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The Prima Donna Judiciary Interpreter

We don’t want our new readers to be left out or our fans to forget nuggets we have shared here before. That’s why we periodically republish a few gems. This time, Janis comments on professional behavior, self-awareness and group dynamics. But she does so with her usual grace.

By Janis Palma

Prima donna: A very temperamental person with an inflated view of their own talent or importance. (Oxford Dictionary)

We all know at least one of those, don’t we? Or maybe we have been one at some point or another in our lives (gasp! Do we dare admit such a thing?)

Well, even if you don’t think you have ever been or acted like a prima donna, you could be perceived as one by your peers and co-workers if you:

(1) have strong dogmatic opinions about all matters related to interpreting (particularly judiciary interpreting), and dismiss all others that do not agree with yours because—of course!—they are wrong;

(2) expect—or even demand—certain comforts and concessions not ordinarily part of the work environment in the court where you are providing your services and complain bitterly or even threaten to walk out if you do not get them;

(3) hold prescriptive positions on terminology issues and are completely inflexible about accepting new meanings or different usages in other speech communities;

(4) display a contemptuous attitude towards any interpreter who has not had formal training or does not hold a degree in the field, and take every opportunity to bash interpreters who have no professional license or certification regardless of whether or not you know or have ever worked with one;

(5) brag openly about charging the highest fees in the market and quickly vilify anyone who charges less than you do;

(6) monopolize every conversation—mostly to talk about yourself—and expect to be the focus of everyone’s attention at all times;

(7) believe you are the most important person in the courtroom, and are absolutely indispensable and irreplaceable.

I could go on, but I think this short list paints a fairly clear picture of the prima donna interpreter. And it is not a pretty picture. Unfortunately, these attitudes, beliefs, and behaviors seem to be contagious, rather than something to be contained or even rejected by our peers. As the profession grows, so does the number of interpreters with such undesirable manners, to the point that it is starting to reflect negatively on the profession as a whole.

Now, as I recall, this was not the case 20 or 30 years ago, so I have to wonder, how did we get here? And most importantly: how do we stop this? Because, frankly, it is doing more harm than good to our profession right now. Any time a member of the legal community has an encounter with a prima donna judiciary interpreter, we all lose a bit of respect and credibility as members of this profession.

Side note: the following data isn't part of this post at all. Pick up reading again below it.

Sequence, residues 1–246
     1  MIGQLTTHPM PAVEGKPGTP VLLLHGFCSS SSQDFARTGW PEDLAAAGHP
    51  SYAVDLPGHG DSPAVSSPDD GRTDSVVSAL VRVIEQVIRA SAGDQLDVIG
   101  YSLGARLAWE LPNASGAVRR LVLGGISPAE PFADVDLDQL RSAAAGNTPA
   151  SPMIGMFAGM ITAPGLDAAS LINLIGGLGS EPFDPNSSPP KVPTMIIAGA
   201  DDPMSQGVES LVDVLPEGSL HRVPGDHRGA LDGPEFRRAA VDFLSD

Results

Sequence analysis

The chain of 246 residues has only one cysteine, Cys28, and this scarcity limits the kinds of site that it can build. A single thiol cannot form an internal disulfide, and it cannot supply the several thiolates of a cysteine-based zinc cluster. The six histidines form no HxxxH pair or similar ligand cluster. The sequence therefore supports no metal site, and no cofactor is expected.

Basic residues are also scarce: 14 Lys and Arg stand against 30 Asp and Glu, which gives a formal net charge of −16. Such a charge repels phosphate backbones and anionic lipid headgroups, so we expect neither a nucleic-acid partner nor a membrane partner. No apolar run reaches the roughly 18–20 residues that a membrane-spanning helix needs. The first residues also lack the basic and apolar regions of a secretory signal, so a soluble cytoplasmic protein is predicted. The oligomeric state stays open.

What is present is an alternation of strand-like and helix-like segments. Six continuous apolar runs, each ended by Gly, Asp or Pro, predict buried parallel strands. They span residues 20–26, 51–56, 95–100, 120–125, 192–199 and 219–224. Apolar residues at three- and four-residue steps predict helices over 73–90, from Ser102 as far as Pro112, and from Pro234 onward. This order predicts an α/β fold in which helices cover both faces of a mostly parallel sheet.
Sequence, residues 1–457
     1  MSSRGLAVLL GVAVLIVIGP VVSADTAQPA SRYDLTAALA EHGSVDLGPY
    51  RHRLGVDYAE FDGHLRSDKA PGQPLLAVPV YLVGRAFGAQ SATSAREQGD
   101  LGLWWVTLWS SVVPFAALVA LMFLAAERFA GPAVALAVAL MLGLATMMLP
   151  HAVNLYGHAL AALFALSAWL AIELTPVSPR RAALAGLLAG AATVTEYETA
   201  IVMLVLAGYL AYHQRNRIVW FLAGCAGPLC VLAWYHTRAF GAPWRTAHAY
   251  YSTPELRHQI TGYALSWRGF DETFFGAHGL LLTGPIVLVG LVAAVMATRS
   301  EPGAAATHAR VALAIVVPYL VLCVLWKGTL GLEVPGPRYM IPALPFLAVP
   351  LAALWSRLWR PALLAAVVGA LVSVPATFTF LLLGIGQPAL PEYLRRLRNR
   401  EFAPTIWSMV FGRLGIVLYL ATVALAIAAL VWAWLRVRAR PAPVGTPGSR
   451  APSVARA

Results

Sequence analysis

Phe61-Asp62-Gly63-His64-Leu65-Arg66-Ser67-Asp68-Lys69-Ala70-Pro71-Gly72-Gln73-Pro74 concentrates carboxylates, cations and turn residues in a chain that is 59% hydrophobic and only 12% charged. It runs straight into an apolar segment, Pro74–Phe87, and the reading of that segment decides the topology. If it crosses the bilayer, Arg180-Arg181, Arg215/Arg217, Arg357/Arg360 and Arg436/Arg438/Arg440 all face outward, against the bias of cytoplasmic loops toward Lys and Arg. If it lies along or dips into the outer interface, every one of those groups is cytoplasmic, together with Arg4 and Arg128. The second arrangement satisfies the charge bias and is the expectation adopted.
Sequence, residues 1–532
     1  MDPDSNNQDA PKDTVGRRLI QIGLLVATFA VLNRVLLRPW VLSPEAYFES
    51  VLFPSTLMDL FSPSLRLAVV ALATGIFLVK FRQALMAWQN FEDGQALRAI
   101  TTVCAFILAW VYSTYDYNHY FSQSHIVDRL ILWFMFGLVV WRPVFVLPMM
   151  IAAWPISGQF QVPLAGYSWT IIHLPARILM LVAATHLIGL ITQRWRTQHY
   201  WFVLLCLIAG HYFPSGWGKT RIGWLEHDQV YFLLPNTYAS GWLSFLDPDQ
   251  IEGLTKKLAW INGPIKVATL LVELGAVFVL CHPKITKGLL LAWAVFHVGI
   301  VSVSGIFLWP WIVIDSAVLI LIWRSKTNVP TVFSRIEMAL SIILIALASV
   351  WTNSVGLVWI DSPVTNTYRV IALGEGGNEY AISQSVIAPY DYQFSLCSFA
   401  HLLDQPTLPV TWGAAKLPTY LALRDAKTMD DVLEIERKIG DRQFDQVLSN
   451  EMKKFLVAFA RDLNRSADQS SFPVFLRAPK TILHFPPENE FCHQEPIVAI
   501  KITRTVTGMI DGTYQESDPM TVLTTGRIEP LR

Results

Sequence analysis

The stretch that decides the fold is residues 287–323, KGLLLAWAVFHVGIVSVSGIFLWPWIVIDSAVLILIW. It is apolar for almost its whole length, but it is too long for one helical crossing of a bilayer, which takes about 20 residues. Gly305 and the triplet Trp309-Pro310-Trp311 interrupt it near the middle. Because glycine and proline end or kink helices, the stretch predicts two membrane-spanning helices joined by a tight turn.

I suspect that as we, collectively, endeavored to create and increase awareness among the legal community as to the pivotal role judiciary interpreters play in the administration of justice and the protection of criminal defendants’ constitutional guarantees, some of us took all this to another level entirely and developed an inflated sense of self-importance. As the knowledge base for our discipline flourished and the credentialing processes matured, some of us seem to have also cultivated elitist values and attitudes that serve no good purpose.

We should be the ones to open the doors for those eager to learn, the ones to take the time to guide our new colleagues with proper educational tools so they can eventually join the ranks of competent—and certified—judiciary interpreters, which should be what we all want. We instead have small turf wars sprouting all over the country with individual interpreters jockeying for positions of personal prominence that have a devastating effect on the profession’s overall public image.  Furthermore, it is sabotaging our ability to coalesce as a group with common goals and objectives; it undermines all the hard work done over the course of the past three or four decades.

As the knowledge base for our discipline flourished and the credentialing processes matured, some of us seem to have also cultivated elitist values and attitudes that serve no good purpose.
Furthermore, there seems to be a nationwide backlash in the legal community against judiciary interpreters that is taking some of us back to the 1980s in terms of public perception, working conditions, and general respect for our profession.

Whenever a group of persons with similar interests starts to build a community where they can find mutual support to grow in positive directions, everyone wins. When that same community starts to disintegrate because of selfish interests and attitudes, everyone loses. It’s time for our community of judiciary interpreters to take a very honest and close look at ourselves and realize there are very negative repercussions to this prima donna-ish posturing by some members of the profession.

We are all talented, but not so extraordinary no one else can do what we do.

We all have above-average intelligence, but we are not infallible.

And we are all important… but never irreplaceable.

Janis Palma has been a federally certified English<>Spanish judiciary interpreter since 1981. She worked as an independent contractor for over 20 years in different states. Her experience includes conference work in the private sector and seminar interpreting for the U.S. State Department. She joined the U.S. District Courts in Puerto Rico as a full-time staff interpreter in April 2002. She has been a consultant for various higher education institutions, professional associations, and government agencies on judiciary interpreting and translating issues. She is a past president of the National Association of Judiciary Interpreters and Translators.

18 thoughts on “The Prima Donna Judiciary Interpreter”

  1. Alfredo Babler says:

    Spot on! Outstanding article.

    1. Janis Palma says:

      Thank you, Alfredo!

  2. BENOIT AKOA says:

    The article is spot on. From personal experience, I remember treating my certificates and credentials as I would my babies. After all, it took long laboring hours to obtain each one of them, and I made sure I had them all, like notches on a belt. Afraid that I would be treated unequally, every encounter was a Voir Dire. No one was going to treat me like “they treated” folks with no credentials and or certificates, I was better than those “Hacks”, for sure. Then came the ego hammer of reality, I was not getting any more jobs than “those guys”, and the white imaginary horse I rode on into the profession died of “vanity thirst” and poverty. I still have an ego horse nonetheless; his name is Humbly Passive. And my horse has a new attitude, laissez-faire decision-making, let the talkers make their own decisions, I am simply a humble mouth piece, used when needed—No more pressure.